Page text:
AURORA – City officials discussed the loss of $233,585.04 to a hacker’s scheme in February 2022 amid the construction of the Aurora Family Aquatic Center and litigation against the city’s insurance provider, National Fire & Casualty Co., during a July 10 city council meeting.
The city has sued the insurance company to recoup some of the money city was out.
According to court documents, Aurora Clerk/Treasurer Benjamin Turner fell victim to the hacker who intercepted an email correspondence between Turner and a representative Maxwell Construction Co., the company working on the aquatic center’s pool. During the email conversation, the hacker asked for the next partial payment using a nearly identical email address of Maxwell Construction, with one letter changed in an attempt to defraud Turner, who has expertise in banking and accounting.
Court documents state the hacker, who first emailed former Aurora City Manager Derek Walker who replied to the email and copied Turner and Deputy Clerk Oren Turner in the correspondence, requested the city transfer $233,585.04 via an ACH (Automated Clearing House) transfer because the construction company was in the process of switching from paper checks to fully electronic banking.
The following day, the hacker replied to Turner and stated the electronic fund transfer was denied by the city’s bank, Civista Bank, and asked Turner to transfer the money electronically to a bank account, at JP Morgan Chase, provided by the hacker. After sending the money electronically to the account provided by the hacker, Turner became suspicious and inquired with the construction company’s representative regarding the transfer; the representative stated he had not requested a payment from the city.
Turner then notified representatives at Civista and requested the transfer be stopped; the bank was unable to stop the electronic transfer.
Aurora filed an insurance claim with National Fire & Casualty last Aug. 1. The insurance company denied the claim 10 days later citing “the city’s loss did not emanate from or within a computer system that it owned, leased or operated,” and the instructions to pay the fraudulent bill was “actually made by city staff and not someone else without your knowledge.”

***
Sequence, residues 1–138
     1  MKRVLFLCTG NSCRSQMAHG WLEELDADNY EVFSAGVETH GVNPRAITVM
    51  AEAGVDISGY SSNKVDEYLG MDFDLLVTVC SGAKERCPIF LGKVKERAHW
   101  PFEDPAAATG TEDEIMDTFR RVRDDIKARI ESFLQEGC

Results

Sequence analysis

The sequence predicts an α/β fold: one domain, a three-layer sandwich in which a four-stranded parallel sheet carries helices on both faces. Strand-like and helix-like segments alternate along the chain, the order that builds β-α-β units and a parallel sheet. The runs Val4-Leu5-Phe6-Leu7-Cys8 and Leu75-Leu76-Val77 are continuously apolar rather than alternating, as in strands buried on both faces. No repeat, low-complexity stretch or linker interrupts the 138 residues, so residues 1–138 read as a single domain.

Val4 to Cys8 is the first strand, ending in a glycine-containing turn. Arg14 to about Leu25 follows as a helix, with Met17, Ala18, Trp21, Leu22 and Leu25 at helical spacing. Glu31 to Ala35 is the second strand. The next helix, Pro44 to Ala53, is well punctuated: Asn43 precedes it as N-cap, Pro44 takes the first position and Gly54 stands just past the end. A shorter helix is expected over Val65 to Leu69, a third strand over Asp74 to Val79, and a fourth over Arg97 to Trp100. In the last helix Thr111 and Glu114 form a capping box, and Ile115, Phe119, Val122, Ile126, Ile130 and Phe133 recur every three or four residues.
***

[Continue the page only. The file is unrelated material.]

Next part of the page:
Aurora is now suing its insurance provider, National Fire and Casualty Co., for $99,750 (the policy has a $250 deductible with a $100,00 max payout for an eligible claim), claiming the loss is covered under the city’s policy. National Fire and Casualty denied the city’s claim citing the loss was not covered.
The lawsuit, filed in Dearborn County Circuit Court in January, was moved to the New Albany Division of the U.S. District Court of the Southern District of Indiana.
“It is ongoing litigation. We are fighting right now and so it would be detrimental to us to make comments because any comment we make could be used against us at this point,” said Aurora City Attorney Jared Ewbank. “We can confirm that that did happen though.”
Aurora resident Mike Crider said he thinks the residents should know about the incident.
“As a concerned citizen and taxpayer, I think I should know a little bit about it, that’s why I am asking,” Crider said. “I think that everybody in the city, taxpayers, should know about it.”
Clinton Mora is a reporter for Trending Insurance News. He has previously worked for the Forbes. As a contributor to Trending Insurance News, Clinton covers emerging a wide range of property and casualty insurance related stories.